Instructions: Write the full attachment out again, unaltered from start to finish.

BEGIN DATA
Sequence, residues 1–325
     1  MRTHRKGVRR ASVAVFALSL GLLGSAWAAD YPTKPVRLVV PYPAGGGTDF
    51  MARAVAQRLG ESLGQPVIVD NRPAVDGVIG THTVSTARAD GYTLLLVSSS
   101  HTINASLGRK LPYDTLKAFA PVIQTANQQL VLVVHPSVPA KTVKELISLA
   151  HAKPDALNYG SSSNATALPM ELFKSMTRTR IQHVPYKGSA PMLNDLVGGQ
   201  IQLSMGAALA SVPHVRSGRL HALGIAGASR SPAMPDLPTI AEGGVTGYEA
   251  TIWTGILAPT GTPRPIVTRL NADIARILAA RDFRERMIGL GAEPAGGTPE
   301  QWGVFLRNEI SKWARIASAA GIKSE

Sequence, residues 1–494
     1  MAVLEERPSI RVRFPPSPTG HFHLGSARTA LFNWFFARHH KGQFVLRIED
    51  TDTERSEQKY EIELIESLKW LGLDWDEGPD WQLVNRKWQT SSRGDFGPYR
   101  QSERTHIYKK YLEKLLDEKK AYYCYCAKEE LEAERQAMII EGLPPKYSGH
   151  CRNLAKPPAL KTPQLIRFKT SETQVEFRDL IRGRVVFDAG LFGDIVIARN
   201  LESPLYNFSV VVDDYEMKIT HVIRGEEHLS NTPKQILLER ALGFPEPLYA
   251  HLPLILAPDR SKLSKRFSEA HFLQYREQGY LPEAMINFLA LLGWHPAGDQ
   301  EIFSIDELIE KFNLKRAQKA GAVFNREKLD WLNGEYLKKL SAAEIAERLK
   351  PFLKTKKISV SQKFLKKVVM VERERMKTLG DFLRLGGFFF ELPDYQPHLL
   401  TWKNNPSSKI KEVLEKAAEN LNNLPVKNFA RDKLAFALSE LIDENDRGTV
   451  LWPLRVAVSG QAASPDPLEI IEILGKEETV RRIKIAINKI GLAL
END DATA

Sequence, residues 1–325
     1  MRTHRKGVRR ASVAVFALSL GLLGSAWAAD YPTKPVRLVV PYPAGGGTDF
    51  MARAVAQRLG ESLGQPVIVD NRPAVDGVIG THTVSTARAD GYTLLLVSSS
   101  HTINASLGRK LPYDTLKAFA PVIQTANQQL VLVVHPSVPA KTVKELISLA
   151  HAKPDALNYG SSSNATALPM ELFKSMTRTR IQHVPYKGSA PMLNDLVGGQ
   201  IQLSMGAALA SVPHVRSGRL HALGIAGASR SPAMPDLPTI AEGGVTGYEA
   251  TIWTGILAPT GTPRPIVTRL NADIARILAA RDFRERMIGL GAEPAGGTPE
   301  QWGVFLRNEI SKWARIASAA GIKSE

Sequence, residues 1–494
     1  MAVLEERPSI RVRFPPSPTG HFHLGSARTA LFNWFFARHH KGQFVLRIED
    51  TDTERSEQKY EIELIESLKW LGLDWDEGPD WQLVNRKWQT SSRGDFGPYR
   101  QSERTHIYKK YLEKLLDEKK AYYCYCAKEE LEAERQAMII EGLPPKYSGH
   151  CRNLAKPPAL KTPQLIRFKT SETQVEFRDL IRGRVVFDAG LFGDIVIARN
   201  LESPLYNFSV VVDDYEMKIT HVIRGEEHLS NTPKQILLER ALGFPEPLYA
   251  HLPLILAPDR SKLSKRFSEA HFLQYREQGY LPEAMINFLA LLGWHPAGDQ
   301  EIFSIDELIE KFNLKRAQKA GAVFNREKLD WLNGEYLKKL SAAEIAERLK
   351  PFLKTKKISV SQKFLKKVVM VERERMKTLG DFLRLGGFFF ELPDYQPHLL
   401  TWKNNPSSKI KEVLEKAAEN LNNLPVKNFA RDKLAFALSE LIDENDRGTV
   451  LWPLRVAVSG QAASPDPLEI IEILGKEETV RRIKIAINKI GLAL